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What Is Prima Facie?

Prima facie cases are those that can proceed to trial without having to be reviewed by a grand jury.
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  • Last Modified Date: 25 November 2014
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Prima facie is a term used in law. It comes from Latin and means “at first sight” or “upon first appearance." As an adjectival phrase, it is generally used to modify the word evidence and refers to evidence that is given a “once over” to see if it meets some minimal criteria, with the understanding that it will usually be reviewed more thoroughly at a later date and held to a higher standard. In this usage, then, prima facie means that, in the context, the evidence appears to meet the legal requirements to establish the basis for a case or the truth of a fact. A prima facie case, on the other hand, is a case or lawsuit that has the appearance of being a foregone conclusion.

Prima facie comes into the practice of law in several ways. For example, evidence that someone initiated a standard sequence of events may be accepted as proof that the expected outcome occurred, unless there is evidence to the contrary. Thus, proof of having mailed a letter is prima facie evidence that the letter was delivered. Evidence in the form of a copy of a document made through a photocopying process is prima facie evidence that the originals exist, and may be accepted in lieu of the originals, unless there is evidence to suggest why they should not be.

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In jurisdictions in which there is a grand jury, such as some parts of the United States, a prima facie case must be made to a grand jury in order for the prosecution to secure an indictment. A prima facie case is a lesser burden of proof than is required to secure a conviction during a trial, when guilt must be proved beyond a reasonable doubt. This is because a grand jury is not convened to find guilt or innocence, but only to discover whether there is justification for a trial to take place.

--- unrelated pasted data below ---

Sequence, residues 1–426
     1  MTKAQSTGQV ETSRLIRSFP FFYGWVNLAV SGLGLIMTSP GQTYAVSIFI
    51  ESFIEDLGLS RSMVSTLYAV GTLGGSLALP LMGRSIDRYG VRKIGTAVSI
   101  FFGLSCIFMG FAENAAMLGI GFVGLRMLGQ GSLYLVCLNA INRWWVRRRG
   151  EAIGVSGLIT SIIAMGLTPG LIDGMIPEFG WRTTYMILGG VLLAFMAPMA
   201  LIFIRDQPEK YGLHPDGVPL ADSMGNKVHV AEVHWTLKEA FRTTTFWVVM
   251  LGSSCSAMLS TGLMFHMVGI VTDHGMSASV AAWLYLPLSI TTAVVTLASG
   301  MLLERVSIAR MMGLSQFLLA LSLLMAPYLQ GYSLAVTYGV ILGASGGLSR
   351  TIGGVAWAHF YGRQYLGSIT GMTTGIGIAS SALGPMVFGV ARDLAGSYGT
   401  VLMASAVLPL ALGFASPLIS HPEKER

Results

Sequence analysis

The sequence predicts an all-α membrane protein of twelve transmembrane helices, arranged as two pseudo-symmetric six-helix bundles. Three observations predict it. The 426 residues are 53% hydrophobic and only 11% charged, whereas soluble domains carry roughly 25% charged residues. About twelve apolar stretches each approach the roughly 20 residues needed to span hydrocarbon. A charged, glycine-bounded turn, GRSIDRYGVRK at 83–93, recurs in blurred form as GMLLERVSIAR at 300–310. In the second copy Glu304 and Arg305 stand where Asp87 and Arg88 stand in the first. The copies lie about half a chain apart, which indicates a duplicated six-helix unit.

Even in the United States in jurisdictions in which they are still used, grand juries are not convened in every case. In the United States and parts of the world in which there are no grand juries, prima facie cases may still play a role in what are known as preliminary hearings, in which the justification for a court case is decided. Preliminary hearings are used in a number of countries, including the United Kingdom. Another name for such hearing is evidentiary hearings.

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Bertie68
Post 4

I remember from the law classes I took to become a paralegal, that in some jurisdictions, one of the main purposes of a prima facie evidence hearing is to prevent one side from presenting evidence that is false. This is a waste of money and time.

For example, when a murder case is being presented, the prosecution presents prima facie evidence that the person is dead (a dead body), that the defendant caused the death, and that there is evidence that the defendant thought about it beforehand. That's about all that is needed to move the case into a court.

sweetPeas
Post 3

I have a question -- if there is a non-grand jury court case and the prosecutors have enough evidence to go to court, would there be any reason that they would hold back and only do a prima facie hearing first?

Would there ever be any strategic value to that?

KaBoom
Post 2

@JessicaLynn - I agree that there should be a standard of evidence to decide if a case is heard. I also think it makes sense that it is a lower standard than when a case is actually tried.

My mom used to work for a lawyer, and one of their standards in deciding whether to take a case is whether or not there was adequate evidence to make a prima facie case. That way they wouldn't waste their, or the clients time, on a case that wouldn't get past preliminary hearings.

JessicaLynn
Post 1

I think it makes a lot of sense that prima facie is the standard used for preliminary hearings. After all, there has to be some standard to decide whether a case actually gets heard or not.

Having an actual trial can be costly and time consuming for everyone involved. Not to mention the emotional toll it can take on the participants. So I think it makes a lot of sense to make sure there is actually acceptable evidence to hold a trial.

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